M. B. Habal, editor-in-chief, quarterly, $266 (institutions), $200 (individuals), Boston, Mass, Little, Brown & Co, January 1990-.
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The field of craniofacial surgery has experienced tremendous growth in the past decade. The Journal of Craniofacial Surgery aims to keep pace with this rapid growth of information relative to the technology and evolved treatment in this field.
The editorial board is composed primarily of plastic surgeons with representation by specialists in dentistry and related fields. While there are other journals, such as Plastic and Reconstructive Surgery and the Cleft Palate—Craniofacial Journal, the editors feel there is a market for another journal to allow up-to-date input on this ever-growing, ever-expanding subject.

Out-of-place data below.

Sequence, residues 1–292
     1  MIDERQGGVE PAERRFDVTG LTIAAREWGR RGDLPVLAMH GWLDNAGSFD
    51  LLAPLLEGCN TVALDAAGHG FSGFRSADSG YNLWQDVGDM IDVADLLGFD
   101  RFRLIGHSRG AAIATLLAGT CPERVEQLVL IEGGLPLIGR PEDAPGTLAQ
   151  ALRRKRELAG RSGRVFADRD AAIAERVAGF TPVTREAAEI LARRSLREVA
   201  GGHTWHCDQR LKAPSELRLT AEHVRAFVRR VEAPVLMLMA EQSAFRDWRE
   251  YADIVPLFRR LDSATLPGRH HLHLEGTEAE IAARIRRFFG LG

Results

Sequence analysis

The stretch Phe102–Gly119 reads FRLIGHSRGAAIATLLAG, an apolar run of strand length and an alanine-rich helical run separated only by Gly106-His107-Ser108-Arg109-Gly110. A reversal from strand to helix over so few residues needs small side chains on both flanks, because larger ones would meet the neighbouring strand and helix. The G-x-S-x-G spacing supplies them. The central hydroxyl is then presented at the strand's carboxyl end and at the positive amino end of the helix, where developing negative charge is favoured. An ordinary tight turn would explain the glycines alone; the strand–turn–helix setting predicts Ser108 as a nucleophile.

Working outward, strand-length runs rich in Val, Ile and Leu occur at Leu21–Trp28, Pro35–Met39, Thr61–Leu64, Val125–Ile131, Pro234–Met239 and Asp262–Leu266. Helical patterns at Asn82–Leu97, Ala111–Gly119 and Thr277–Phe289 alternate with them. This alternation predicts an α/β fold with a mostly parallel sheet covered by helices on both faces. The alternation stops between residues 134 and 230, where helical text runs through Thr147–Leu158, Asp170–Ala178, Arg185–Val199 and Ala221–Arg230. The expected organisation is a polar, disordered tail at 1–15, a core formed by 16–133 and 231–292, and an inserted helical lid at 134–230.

The format of the journal is laid out quite well, with each issue having a representation of original articles by acknowledged authors as well as articles related to basic science. There is a nice section on technical strategy with several articles on "How I Do It." The remainder of the journal contains book reviews, correspondence, and a good section
Stal S, Bick D. The Journal of Craniofacial Surgery. JAMA. 1994;272(21):1715. doi:10.1001/jama.1994.03520210099045